Conclusion/Interpretation: Autochthonous community MPXV chain transmission is currently seen in MSM in the UK. High rates of concomitant STIs and frequent anogenital symptoms are suggestive of transmission through local inoculation during close skin to skin or mucosal contact, such as sexual contact. Additional resources are required to support sexual health services in the management of this condition. A review of the case-definition and better understanding of viral transmission routes are needed to shape infection control policies and contact tracing.

Funding: None to declare.

Declaration of Interest: None to declare.

Ethical Approval: The data collection was approved by the Chelsea and Westminster Hospital NHS Foundation Trust clinical governance committee as a service evaluation.

Keywords: Orthopoxvirus, vesicular rash, monkeypox virus, outbreak, MSM

Suggested Citation

Girometti, Nicolo and Byrne, Ruth and Bracchi, Margherita and Heskin, Joseph and McOwan, Alan and Tittle, Victoria and Gedela, Keerti and Scott, Christopher and Patel, Sheel and Gohil, Jesal and Nugent, Diarmuid and Suchak, Tara and Dickinson, Molly and Feeney, Margaret and Mora-Peris, Borja and Stegmann, Katrina and Davies, Gary and Moore, Luke SP and Mughal, Nabeela and Asboe, David and Boffito, Marta and Jones, Rachael and Whitlock, Gary, Epidemiological Characteristics and Clinical Features of Confirmed Human Monkeypox Virus Cases in Individuals Attending a Sexual Health Centre in London, United Kingdom. Available at SSRN: https://ssrn.com/abstract=4125251 or http://dx.doi.org/10.2139/ssrn.4125251

Nicolo Girometti (Contact Author)

Government of the United Kingdom - Department of HIV/GUM ( email )

United Kingdom

Ruth Byrne

Government of the United Kingdom - Department of HIV/GUM ( email )

Margherita Bracchi

Government of the United Kingdom - Department of HIV/GUM ( email )

Joseph Heskin

Government of the United Kingdom - Department of HIV/GUM ( email )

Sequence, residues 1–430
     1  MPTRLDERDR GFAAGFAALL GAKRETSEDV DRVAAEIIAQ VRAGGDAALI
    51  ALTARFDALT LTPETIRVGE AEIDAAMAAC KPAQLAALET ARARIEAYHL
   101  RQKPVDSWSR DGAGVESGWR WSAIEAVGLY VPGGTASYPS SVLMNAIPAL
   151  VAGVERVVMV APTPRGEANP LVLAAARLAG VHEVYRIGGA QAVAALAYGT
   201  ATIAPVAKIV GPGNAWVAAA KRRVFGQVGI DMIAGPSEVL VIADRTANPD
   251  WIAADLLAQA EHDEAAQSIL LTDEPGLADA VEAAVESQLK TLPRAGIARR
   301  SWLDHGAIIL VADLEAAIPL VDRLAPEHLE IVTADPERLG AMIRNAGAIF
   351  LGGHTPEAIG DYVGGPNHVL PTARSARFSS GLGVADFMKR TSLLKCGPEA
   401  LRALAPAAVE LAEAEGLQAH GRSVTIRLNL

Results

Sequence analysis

Alan McOwan

Government of the United Kingdom - Department of HIV/GUM ( email )

Victoria Tittle

Government of the United Kingdom - Department of HIV/GUM ( email )

Keerti Gedela

Government of the United Kingdom - Department of HIV/GUM ( email )

Christopher Scott

Government of the United Kingdom - Department of HIV/GUM

Sheel Patel

Government of the United Kingdom - Department of HIV/GUM ( email )

Jesal Gohil

Government of the United Kingdom - Department of HIV/GUM ( email )

Diarmuid Nugent

Government of the United Kingdom - Department of HIV/GUM ( email )

Tara Suchak

Government of the United Kingdom - Department of HIV/GUM ( email )

Molly Dickinson

Government of the United Kingdom - Department of HIV/GUM ( email )

Margaret Feeney

Government of the United Kingdom - Department of HIV/GUM ( email )

Borja Mora-Peris

Imperial College London - Imperial College Healthcare NHS Trust ( email )

Praed St
London
United Kingdom

Government of the United Kingdom - Department of HIV/GUM ( email )

Imperial College London - Section of Virology ( email )

Katrina Stegmann

Government of the United Kingdom - Department of HIV/GUM ( email )

Gary Davies

Government of the United Kingdom - Department of HIV/GUM ( email )

Luke SP Moore

Government of the United Kingdom - Department of HIV/GUM

Nabeela Mughal

Government of the United Kingdom - Department of HIV/GUM ( email )

David Asboe

Government of the United Kingdom - Department of HIV/GUM ( email )

Marta Boffito

Government of the United Kingdom - Department of HIV/GUM ( email )

Rachael Jones

Government of the United Kingdom - Department of HIV/GUM ( email )

Gary Whitlock

Government of the United Kingdom - Department of HIV/GUM ( email )